Ask Dr. Tim: Three years ago my wife of fifteen years died in an auto accident.

Ask Dr. Tim: Three years ago my wife of fifteen years died in an auto accident.


Three years ago my wife of fifteen years died in an auto accident. I have been having a most difficult time getting on with my life. Though others have tried to convince me otherwise, I feel guilty for her death. You see, she decided to take a trip to visit her parents who live out of state. She asked if I wanted to go but I had already signed up for a golf tournament the same weekend. I asked her to postpone the trip but she chose not to.

I can’t stop thinking that if I had been with her and driving the car, this would never had happened. I may have been able to avoid the erratic driving of the other drunk driver. She was such a kind, loving, and talented person. She didn’t deserve to die. I am still heartbroken.



Dear Heartbroken,

I am truly sorry for your loss. And your wife’s death does sound like a true loss. Certainly you are right, she didn’t deserve to die. This brings up two important issues: grief and guilt. They are often nasty bedfellows. Grief is a natural process of which you might still need to do some personal work on.

Guilt has many friends. While we might think no one would ever wish to be a friend of guilt, many people find it oddly advantageous to hang on to it. First, if we hold guilt towards ourselves we likely will not place anger or blame on the other person. It sounds like you may still be angry for your wife choosing not to wait for you.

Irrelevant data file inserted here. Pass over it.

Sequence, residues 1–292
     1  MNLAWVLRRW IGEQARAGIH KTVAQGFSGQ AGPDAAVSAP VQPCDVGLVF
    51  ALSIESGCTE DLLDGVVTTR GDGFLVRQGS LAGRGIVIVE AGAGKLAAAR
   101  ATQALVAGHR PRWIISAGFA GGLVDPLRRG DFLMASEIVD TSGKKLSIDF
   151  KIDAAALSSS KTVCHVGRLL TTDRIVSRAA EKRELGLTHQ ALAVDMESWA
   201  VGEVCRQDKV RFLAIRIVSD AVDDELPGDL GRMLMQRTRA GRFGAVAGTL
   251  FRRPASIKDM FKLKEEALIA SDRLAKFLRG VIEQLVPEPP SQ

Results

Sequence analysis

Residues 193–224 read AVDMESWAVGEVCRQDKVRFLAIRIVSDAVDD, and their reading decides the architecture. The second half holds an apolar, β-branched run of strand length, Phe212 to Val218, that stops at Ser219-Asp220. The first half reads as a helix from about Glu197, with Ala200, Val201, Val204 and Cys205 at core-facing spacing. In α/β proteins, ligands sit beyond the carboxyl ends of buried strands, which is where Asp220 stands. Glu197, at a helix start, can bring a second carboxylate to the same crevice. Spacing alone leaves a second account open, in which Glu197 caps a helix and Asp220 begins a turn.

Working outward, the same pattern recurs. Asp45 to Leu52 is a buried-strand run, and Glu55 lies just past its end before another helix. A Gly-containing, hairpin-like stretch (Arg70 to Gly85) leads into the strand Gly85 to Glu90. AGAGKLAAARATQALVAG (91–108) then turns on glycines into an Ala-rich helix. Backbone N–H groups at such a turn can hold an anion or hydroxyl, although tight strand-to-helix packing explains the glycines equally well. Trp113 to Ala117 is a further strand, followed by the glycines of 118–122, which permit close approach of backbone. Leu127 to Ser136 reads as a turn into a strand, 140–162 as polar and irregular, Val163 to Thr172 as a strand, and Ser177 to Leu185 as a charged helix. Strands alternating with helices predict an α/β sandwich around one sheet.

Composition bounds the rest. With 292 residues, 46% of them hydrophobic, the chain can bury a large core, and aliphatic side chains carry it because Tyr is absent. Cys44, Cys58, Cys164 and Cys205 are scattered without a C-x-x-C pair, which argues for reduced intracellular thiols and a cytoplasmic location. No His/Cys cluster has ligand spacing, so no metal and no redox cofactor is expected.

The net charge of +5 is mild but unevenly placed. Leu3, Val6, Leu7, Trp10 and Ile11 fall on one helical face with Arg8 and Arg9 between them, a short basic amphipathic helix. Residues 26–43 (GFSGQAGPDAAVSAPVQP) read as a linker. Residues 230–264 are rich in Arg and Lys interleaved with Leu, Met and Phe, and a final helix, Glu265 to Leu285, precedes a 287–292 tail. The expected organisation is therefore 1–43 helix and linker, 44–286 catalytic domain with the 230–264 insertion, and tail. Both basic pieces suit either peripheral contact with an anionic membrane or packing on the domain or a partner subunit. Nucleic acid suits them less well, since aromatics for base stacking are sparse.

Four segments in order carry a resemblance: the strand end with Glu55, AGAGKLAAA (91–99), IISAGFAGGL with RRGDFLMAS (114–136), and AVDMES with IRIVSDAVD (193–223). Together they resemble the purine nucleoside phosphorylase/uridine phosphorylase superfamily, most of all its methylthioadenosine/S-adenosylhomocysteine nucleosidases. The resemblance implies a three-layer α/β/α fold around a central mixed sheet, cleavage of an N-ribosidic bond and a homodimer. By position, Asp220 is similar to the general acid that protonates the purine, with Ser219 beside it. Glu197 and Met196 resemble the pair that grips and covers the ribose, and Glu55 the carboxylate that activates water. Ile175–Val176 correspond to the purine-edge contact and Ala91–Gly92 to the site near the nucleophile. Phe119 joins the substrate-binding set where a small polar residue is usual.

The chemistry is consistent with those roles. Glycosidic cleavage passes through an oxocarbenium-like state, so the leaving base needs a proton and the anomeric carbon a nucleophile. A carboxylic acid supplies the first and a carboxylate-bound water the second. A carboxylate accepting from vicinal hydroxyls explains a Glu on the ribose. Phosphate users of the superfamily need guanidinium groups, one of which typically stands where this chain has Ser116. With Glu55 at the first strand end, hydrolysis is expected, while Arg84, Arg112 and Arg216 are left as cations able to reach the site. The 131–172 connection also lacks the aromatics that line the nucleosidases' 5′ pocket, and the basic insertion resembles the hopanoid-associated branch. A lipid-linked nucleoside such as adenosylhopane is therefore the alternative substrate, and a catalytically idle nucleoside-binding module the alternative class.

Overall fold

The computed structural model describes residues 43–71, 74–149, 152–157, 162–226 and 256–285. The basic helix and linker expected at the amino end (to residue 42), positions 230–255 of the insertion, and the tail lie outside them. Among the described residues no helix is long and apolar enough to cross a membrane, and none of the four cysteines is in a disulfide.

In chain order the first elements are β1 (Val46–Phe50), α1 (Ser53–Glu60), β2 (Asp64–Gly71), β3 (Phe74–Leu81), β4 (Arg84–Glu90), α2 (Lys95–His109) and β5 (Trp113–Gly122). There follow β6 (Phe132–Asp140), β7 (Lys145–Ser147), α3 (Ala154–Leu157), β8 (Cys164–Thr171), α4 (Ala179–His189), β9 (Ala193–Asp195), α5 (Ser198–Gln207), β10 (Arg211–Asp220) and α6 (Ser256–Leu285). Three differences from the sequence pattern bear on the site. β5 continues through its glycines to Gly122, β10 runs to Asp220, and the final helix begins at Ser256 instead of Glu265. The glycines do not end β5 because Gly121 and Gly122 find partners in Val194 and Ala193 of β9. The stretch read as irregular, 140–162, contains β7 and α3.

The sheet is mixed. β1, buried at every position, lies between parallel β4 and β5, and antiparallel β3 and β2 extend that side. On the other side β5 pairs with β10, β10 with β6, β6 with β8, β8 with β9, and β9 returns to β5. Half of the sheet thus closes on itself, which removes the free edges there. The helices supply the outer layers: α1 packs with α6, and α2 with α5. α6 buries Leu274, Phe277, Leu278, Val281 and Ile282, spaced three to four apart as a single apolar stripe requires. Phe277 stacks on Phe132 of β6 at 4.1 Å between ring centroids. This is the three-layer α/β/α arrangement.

The thought that you could have prevented the accident is magical thinking. It is pure magic to imagine that all the circumstances of her being on the exact stretch of road, at the exact moment the drunk swerved…is just not reality.

Also please keep in mind that there are at least two kinds of guilt: 1. Justified Guilt, and 2. Garbage Guilt. Justified Guilt occurs when we have truly done something wrong and there is usually some form of restitution. With Garbage Guilt we have done nothing wrong and there is no form of restitution. The first is rational and worthy of a proactive response. The second is irrational and impossible to provide a healthy responds. All we can do with Garbage Guilt is toss it away. Perhaps it is time to take a trip to the local landfill and make a deposit?

Dr. Tim

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  1. sandra sellers:

    Very good. I learned that I have garbage guilt due to my Dads death. He was 87. So not necessarily my fault. Thanks

    • Dr. Tim:

      So as you well know, garbage guilt takes a toll on us. The nice thing about realizing what we are doing is that we can call it out for what it is…irrational thinking, and let it go. If we don’t let it go, what are getting from holding on to it?